You have to fund your account. Do you want to send in a check for a one-time deposit as a way to discipline yourself, connect a bank account for easy transfers of cash, or set up regular deposits? Whatever you do, know yourself and your limitations. Maybe start small and gradually work your way up as you gain experience.

When you have your account set up and funded, the fun begins. Time to buy. But what to buy? The investing universe is broad, from stocks to bonds to ETFs to mutual funds and on to options and futures. If your knowledge base is narrow, consider starting with index funds. "You're much better off with an index fund than a stock" to get started, Reiches said.

Then, with a "click," you're an investor. And like planting a seed in a garden, it doesn't end there. You must monitor, nurture. Sometimes you pare, sometimes you plant more seeds. Talk to your friends, and read smart stuff from smart people. Avoid online chats that look suspicious. And remember that not every pick will be a winner. Be ready to take your losses, learn, and move on to better bets.

The Bottom Line

Like riding a motorcycle or skydiving, buying and selling stocks without guidance isn't for everyone. But smart investing should be available to anyone who wants to get into the market, so the option to hire a financial advisor or stockbroker is always there. If you do want to jump in and buy stocks, be sure to understand your finances, your risk tolerance, and your investing psychology. Keep your passwords safe and remember to walk before you run.

Should You Use a Broker or Take a D.I.Y. approach to Investing?

That depends on a few factors. Do you want to research your investments? Can you evaluate a company? Do you understand your time horizon or your appetite for risk? Understanding these things requires time, so you want to consider handing your money to a professional.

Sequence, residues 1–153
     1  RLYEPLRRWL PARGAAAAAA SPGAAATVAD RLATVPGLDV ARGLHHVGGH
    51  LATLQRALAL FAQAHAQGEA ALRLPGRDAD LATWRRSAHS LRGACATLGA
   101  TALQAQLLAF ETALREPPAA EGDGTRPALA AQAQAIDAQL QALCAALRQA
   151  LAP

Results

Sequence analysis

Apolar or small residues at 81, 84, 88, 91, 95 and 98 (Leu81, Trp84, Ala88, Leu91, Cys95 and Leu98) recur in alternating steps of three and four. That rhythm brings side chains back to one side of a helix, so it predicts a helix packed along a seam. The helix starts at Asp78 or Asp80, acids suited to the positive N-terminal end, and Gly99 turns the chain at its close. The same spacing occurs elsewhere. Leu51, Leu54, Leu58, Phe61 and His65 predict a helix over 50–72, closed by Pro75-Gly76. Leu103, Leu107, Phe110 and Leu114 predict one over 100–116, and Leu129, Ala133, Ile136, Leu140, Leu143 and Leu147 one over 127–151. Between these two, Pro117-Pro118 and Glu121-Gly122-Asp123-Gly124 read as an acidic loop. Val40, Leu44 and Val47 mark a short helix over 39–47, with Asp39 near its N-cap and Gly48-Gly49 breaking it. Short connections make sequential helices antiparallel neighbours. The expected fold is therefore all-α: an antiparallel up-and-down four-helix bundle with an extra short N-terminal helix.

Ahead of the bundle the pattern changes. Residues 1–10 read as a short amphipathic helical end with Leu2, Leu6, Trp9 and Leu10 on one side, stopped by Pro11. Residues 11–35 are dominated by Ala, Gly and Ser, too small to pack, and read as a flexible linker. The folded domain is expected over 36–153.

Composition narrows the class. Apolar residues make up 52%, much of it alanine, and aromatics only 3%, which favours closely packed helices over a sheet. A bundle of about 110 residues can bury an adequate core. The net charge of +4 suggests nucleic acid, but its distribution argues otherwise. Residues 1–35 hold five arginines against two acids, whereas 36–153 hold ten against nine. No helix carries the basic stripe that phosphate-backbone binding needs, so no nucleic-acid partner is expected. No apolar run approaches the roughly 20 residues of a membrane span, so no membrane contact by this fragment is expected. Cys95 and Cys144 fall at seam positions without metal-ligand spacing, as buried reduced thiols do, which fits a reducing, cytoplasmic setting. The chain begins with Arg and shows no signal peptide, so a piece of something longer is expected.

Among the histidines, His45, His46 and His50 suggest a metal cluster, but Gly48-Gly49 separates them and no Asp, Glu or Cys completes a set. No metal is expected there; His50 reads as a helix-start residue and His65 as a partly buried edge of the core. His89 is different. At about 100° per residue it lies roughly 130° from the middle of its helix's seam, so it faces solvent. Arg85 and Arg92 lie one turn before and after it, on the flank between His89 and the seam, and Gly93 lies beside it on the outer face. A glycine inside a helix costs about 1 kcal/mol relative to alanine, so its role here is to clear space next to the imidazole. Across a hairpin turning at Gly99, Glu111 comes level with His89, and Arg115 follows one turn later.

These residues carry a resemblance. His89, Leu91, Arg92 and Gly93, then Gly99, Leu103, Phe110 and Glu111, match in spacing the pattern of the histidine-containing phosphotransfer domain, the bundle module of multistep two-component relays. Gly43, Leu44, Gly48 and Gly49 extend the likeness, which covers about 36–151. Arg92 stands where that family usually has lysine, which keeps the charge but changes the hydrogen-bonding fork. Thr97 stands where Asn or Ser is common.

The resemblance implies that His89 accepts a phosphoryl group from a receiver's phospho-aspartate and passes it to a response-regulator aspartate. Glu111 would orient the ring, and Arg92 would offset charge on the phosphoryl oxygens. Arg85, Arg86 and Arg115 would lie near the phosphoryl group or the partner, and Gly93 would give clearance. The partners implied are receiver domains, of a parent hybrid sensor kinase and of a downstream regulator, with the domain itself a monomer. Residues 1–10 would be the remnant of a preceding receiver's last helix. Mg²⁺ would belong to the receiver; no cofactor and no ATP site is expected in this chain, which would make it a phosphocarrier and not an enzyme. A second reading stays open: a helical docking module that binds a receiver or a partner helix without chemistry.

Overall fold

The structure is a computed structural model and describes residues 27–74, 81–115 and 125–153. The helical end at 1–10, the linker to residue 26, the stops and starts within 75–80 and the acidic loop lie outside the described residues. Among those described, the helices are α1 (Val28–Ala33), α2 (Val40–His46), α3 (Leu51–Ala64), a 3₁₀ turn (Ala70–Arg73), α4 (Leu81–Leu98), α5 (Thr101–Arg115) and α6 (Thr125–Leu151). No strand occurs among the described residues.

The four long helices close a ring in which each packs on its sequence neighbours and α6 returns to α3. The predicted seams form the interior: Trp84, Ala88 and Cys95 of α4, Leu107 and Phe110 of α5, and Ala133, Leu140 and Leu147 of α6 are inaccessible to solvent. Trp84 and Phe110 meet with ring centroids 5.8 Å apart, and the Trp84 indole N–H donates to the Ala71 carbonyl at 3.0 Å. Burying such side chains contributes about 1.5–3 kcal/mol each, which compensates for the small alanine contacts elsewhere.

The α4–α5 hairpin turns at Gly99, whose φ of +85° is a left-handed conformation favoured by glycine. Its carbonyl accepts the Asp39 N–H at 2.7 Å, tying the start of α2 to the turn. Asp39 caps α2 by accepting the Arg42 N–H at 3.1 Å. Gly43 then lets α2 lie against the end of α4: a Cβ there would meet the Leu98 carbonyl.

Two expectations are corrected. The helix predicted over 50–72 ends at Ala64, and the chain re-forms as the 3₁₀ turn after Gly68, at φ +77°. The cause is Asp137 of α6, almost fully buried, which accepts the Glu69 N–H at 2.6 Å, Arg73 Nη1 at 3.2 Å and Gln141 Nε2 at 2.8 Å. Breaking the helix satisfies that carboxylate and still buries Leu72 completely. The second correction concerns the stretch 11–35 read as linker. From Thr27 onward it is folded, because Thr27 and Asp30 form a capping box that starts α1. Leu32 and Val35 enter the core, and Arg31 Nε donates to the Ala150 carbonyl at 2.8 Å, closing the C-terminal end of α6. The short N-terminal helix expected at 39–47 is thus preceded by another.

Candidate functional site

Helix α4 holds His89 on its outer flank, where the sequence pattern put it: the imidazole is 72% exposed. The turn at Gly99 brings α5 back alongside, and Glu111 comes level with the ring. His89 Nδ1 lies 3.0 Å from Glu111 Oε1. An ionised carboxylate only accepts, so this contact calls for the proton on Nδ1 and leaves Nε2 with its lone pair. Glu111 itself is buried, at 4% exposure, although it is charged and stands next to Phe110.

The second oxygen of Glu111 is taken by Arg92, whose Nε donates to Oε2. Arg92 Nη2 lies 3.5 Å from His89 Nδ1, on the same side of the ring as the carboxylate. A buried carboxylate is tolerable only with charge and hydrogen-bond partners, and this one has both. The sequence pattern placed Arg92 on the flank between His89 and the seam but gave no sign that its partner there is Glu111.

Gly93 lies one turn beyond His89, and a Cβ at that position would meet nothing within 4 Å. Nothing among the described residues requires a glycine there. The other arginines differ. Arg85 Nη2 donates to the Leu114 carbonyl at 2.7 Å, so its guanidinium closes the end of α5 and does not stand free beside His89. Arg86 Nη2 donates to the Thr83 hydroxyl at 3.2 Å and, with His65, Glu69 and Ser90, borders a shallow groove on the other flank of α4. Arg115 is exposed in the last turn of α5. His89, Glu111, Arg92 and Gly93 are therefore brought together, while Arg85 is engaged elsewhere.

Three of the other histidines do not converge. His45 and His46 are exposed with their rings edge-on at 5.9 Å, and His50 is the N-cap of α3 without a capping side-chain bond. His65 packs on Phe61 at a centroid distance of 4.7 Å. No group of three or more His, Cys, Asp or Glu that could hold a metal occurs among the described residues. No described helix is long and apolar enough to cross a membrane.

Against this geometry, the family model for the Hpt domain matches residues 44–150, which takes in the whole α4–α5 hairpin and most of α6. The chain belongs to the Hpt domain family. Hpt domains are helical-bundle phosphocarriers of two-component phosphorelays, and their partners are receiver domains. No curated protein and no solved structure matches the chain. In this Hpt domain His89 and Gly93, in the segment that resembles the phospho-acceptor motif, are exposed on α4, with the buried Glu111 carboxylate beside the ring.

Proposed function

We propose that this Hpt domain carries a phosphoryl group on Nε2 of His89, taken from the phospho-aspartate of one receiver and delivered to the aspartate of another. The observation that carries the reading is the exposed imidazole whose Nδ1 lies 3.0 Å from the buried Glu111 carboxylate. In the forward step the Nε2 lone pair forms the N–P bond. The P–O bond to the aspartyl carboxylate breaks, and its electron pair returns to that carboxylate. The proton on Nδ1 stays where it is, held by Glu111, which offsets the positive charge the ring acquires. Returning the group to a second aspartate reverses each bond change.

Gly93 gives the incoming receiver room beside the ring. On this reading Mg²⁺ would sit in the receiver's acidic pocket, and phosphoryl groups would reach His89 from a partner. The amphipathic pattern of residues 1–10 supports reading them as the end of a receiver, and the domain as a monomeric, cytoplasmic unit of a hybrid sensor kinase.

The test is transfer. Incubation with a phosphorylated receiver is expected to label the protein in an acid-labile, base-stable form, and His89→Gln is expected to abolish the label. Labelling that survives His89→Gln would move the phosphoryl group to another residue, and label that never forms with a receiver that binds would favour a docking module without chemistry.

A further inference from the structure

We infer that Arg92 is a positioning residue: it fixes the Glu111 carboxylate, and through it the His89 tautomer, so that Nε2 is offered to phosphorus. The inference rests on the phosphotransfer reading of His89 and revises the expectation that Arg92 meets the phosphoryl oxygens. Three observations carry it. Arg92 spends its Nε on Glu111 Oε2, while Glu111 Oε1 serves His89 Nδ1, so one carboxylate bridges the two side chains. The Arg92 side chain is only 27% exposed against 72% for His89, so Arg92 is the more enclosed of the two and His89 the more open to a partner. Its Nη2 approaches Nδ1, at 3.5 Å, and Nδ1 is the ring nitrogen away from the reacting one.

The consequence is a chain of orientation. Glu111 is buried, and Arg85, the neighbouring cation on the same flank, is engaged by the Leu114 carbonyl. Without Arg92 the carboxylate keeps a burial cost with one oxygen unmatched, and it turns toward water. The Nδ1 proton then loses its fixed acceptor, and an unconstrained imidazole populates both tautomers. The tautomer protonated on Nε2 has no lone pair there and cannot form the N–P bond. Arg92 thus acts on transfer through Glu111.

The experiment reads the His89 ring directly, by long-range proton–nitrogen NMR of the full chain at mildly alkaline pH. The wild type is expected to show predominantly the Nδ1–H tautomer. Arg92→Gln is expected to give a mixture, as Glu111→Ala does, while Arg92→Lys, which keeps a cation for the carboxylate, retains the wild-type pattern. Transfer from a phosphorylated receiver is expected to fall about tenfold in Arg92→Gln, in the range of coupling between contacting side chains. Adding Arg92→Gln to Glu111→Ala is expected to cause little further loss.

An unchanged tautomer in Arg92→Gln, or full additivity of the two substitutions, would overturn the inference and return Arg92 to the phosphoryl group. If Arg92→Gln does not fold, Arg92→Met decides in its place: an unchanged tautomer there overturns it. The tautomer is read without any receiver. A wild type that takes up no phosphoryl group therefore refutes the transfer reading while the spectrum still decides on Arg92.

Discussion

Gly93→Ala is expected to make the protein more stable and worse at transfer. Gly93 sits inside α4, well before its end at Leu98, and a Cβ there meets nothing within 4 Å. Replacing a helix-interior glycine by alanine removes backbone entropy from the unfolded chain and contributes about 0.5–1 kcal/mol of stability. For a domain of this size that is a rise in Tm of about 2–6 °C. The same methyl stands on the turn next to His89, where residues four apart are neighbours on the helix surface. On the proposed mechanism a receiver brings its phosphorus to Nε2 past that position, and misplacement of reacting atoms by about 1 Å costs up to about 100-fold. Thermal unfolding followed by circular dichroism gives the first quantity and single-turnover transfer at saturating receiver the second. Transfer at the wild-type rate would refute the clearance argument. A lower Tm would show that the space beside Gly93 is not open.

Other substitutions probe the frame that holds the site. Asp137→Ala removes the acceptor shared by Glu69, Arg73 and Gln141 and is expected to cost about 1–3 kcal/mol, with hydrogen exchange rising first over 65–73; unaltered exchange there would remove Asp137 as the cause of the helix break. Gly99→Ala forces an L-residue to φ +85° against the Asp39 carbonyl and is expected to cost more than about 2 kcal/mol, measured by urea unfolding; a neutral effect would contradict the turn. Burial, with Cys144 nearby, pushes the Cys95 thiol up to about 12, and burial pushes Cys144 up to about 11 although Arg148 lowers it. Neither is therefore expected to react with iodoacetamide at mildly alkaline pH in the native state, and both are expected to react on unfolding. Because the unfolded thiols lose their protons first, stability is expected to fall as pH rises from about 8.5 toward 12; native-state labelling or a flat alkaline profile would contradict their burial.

What Kinds of Investments Don't Require a Brokerage?

Direct stock plans and dividend reinvestment plans (DRIPS) permit individuals to buy shares from participating companies. You can buy stock from certain companies, and the plan will automatically reinvest the dividends the companies pay out. Of course, this option is available through online brokerages.

What Are the Basic Steps of Buying Stock?

Investors must first find a brokerage they like. Then, they have to fund their brokerage account with a check or bank transfer. Researching investments is the next critical task, and understanding your finances, goals, and risk tolerance is implicit in this. Clicking to buy is the following step, with the longest phase typically being the nurturing or tending of your investments.

Article Sources
Investopedia requires writers to use primary sources to support their work. These include white papers, government data, original reporting, and interviews with industry experts. We also reference original research from other reputable publishers where appropriate. You can learn more about the standards we follow in producing accurate, unbiased content in our editorial policy.
  1. Financial Industry Regulatory Authority. "Series 7 – General Securities Representative Exam." Accessed Dec. 21, 2021.

  2. Financial Industry Regulatory Authority. "Series 63 – Uniform Securities Agent State Law Exam." Accessed Dec. 21, 2021.

  3. Acorns. "How Do Round-Ups Work?" Accessed Dec. 21, 2021.

  4. Investor.gov. "Direct Investment Plans: Buying Stock Directly from the Company." Accessed Dec. 21, 2021.